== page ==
Native Indian Jewelry Making – Navajo Silver Jewelry

Native Indian jewelry, especially of the Navajo and Zuni variety,is generating increasing interest for its beautiful and stunning design and workmanship. It is based on a tradition that is not that long, going back to about the middle of the 19th century. The emphasis here is on the silverwork that is employed in the making of the jewelry. There is a fascinating history which is worth looking into. It is an American legacy of the native Indians, from the time of the Spanish Conquest. So in that sense it is a tradition that goes back to the founding times of America.

Native American Indian jewelry was, and is, generally classified into two main types – beadwork and metalwork. Beadwork has a longer history stretching back to pre-Colombian times. It concentrated on the use of natural materials, and semi-precious gemstones, such as shells and turquoise, animal bones and ivory.

In this article, I am concentrating on metalwork jewelry making. Because the skills and techniques of fashioning metal were not advanced until after the arrival of the Europeans on the American continent, the metalwork jewelry was, prior to that period, of relatively simple order. Iron and copper were used, so was brass and later silver. The technique was by manual hammering and etching. The fashioning of silver by silversmiths came after silversmithing was introduced by the Spaniards.

The influence was on the south-west of the American continent. In fact, it was the Mexicans first who learned the skill of silversmithing from the Spanish invaders. After the native Indians learned it from the Mexicans, their skill gradually grew and has developed into the intricate use of silver with gemstones like turquoise, with distinctive designs that are stunningly eye-catching.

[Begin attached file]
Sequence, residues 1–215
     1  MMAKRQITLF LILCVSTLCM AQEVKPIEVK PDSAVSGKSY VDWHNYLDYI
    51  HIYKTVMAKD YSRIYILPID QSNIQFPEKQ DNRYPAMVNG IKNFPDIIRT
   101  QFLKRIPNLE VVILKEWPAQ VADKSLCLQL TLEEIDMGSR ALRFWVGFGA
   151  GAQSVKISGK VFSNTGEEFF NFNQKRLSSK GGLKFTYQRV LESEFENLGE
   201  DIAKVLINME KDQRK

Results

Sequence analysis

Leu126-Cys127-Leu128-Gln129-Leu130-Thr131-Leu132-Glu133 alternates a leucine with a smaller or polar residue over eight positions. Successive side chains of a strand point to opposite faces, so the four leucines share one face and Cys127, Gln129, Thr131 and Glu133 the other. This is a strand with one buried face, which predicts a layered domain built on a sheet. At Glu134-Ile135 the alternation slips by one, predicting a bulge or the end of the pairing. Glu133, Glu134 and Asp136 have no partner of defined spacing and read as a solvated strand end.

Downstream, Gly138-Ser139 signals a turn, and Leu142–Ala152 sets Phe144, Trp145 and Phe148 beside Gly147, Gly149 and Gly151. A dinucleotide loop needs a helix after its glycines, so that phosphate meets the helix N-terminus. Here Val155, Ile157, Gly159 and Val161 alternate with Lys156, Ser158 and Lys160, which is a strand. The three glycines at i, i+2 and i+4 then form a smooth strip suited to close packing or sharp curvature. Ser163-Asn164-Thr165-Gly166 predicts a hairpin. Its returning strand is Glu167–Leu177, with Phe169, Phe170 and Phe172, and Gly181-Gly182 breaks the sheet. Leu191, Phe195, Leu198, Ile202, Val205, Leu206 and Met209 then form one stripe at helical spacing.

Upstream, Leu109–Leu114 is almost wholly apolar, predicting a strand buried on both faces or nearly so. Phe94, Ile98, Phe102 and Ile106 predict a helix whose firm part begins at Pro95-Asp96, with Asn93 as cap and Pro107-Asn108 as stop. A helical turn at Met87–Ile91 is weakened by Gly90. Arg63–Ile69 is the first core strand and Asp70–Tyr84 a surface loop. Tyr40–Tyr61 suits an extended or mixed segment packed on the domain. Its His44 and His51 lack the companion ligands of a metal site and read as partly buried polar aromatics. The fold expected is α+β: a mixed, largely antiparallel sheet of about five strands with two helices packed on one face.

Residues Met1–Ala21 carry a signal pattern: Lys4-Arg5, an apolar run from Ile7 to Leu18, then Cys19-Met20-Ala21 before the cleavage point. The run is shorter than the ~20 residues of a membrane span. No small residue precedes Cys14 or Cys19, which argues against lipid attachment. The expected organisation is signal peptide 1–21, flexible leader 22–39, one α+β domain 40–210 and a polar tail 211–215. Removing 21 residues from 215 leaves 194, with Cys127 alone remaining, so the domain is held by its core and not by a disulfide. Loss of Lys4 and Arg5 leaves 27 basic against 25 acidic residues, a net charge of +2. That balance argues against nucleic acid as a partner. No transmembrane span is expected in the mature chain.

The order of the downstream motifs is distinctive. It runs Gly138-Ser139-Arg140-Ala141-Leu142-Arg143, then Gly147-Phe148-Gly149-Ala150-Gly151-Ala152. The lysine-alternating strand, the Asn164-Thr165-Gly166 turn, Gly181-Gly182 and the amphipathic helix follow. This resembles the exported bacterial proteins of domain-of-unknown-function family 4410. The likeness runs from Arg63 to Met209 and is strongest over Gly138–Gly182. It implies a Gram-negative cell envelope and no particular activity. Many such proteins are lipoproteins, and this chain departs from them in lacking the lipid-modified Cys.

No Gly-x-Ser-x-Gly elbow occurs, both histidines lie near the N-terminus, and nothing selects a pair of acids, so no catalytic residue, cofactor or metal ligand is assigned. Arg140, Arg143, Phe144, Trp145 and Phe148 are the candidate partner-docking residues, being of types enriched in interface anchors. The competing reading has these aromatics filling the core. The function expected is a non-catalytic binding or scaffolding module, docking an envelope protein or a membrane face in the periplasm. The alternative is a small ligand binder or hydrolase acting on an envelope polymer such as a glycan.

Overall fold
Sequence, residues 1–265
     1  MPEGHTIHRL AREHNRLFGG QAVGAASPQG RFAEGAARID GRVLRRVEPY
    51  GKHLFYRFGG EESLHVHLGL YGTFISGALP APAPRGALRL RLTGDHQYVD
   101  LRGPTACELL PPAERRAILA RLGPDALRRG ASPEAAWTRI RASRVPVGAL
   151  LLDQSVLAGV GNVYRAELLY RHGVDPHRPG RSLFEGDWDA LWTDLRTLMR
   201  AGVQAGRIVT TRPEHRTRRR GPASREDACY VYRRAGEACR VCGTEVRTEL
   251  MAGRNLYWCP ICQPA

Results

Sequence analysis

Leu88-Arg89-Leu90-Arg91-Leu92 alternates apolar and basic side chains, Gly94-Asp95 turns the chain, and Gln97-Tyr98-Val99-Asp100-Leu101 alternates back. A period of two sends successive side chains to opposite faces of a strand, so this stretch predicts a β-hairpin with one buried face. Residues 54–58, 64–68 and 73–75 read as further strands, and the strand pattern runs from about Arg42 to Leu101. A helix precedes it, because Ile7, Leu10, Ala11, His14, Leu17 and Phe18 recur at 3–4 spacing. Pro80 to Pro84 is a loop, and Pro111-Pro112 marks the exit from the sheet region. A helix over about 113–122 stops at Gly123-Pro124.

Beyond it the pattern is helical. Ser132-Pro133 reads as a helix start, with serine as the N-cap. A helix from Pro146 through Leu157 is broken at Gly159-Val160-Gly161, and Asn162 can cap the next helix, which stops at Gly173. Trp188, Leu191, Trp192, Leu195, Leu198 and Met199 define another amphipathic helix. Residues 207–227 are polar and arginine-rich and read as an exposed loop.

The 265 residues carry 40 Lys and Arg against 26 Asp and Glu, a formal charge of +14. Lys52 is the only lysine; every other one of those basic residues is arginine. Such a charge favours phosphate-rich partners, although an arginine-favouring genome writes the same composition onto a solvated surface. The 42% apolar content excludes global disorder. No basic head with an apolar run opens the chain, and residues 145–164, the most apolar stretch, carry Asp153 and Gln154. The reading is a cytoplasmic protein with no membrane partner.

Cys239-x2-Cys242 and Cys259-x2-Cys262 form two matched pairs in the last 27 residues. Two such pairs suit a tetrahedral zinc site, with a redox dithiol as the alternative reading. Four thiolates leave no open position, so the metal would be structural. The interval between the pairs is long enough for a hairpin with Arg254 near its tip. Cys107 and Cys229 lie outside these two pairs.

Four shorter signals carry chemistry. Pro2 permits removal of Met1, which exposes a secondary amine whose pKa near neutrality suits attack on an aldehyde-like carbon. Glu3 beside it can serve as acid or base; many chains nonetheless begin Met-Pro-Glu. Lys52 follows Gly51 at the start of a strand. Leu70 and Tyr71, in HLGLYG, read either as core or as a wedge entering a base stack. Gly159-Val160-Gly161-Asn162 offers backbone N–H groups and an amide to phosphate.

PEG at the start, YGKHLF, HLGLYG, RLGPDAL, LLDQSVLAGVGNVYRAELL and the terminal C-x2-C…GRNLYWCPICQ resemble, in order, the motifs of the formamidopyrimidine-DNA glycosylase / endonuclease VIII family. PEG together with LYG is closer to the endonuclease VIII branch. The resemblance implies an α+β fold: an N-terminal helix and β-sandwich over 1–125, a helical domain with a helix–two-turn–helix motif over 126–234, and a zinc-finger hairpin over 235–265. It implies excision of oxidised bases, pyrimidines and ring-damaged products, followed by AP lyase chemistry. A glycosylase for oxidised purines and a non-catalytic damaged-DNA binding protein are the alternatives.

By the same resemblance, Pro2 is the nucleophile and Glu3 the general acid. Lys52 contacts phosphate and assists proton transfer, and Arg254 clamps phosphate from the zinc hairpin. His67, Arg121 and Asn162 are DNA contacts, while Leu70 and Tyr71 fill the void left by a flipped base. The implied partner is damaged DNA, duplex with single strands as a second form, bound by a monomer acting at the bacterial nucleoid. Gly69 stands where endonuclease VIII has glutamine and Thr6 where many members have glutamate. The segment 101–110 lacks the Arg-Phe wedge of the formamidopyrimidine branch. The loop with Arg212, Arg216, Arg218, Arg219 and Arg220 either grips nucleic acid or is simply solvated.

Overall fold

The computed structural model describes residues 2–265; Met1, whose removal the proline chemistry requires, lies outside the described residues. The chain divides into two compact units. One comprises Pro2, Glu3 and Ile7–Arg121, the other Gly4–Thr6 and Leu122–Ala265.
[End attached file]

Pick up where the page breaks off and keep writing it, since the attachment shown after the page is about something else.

The Navajo are credited with being the tribe that helped spread the craft of silversmithing. Being of a nomadic nature, the Navajo came frequently into contact with the Spanish in the south-west from about the late 16th century. There were clashes and sometimes friendly association. The Spanish personal ornaments and adornments fascinated the Indians. And they began to copy or assimilate the Spanish style and began to wear ornaments made from so-called German silver. But silversmithing, using real silver, was not yet within their grasp.

Though the history is not completely certain, it is generally thought that the first Navajo silversmith was Atsidi Sani (also known as “Old Smith”), and the making of silver jewelry started in th 1860s. Atsidi Sani was among some 8000 of the Navajo tribe who were captured and imprisoned at Fort Sumner in New Mexico in 1864 to 1868. It seems that by the end of the captivity, Atsidi Sani learned the art of silversmithing. The art was transmitted to his sons, and spread to the Zuni in around 1872. Atsidi Chon (known also, perhaps descriptively, as “Ugly Smith”) taught his Zuni friend Lanyade the skill of making silver. The Navajo style was passed on to the Hopi, when they in turn learned making silver jewelry from the Zuni.

In the early days, the source of silver was Mexican and U.S. coins. The U.S. coins, being readily available and of good quality, were often used. In 1890 a law was passed prohibiting the melting of U.S. coins, but that was more often honored in the breach than observance.

The emblematic piece of Navajo or Navajo-style jewelry is the squash blossom necklace. This was actually adopting the Spanish crescent-shaped “naja” as the centerpiece of the necklace. The crescent was itself a legacy of Moorish influence upon the Spanish. Muslim Spain had a history of almost 800 years from 711-1492, with a flourishing culture.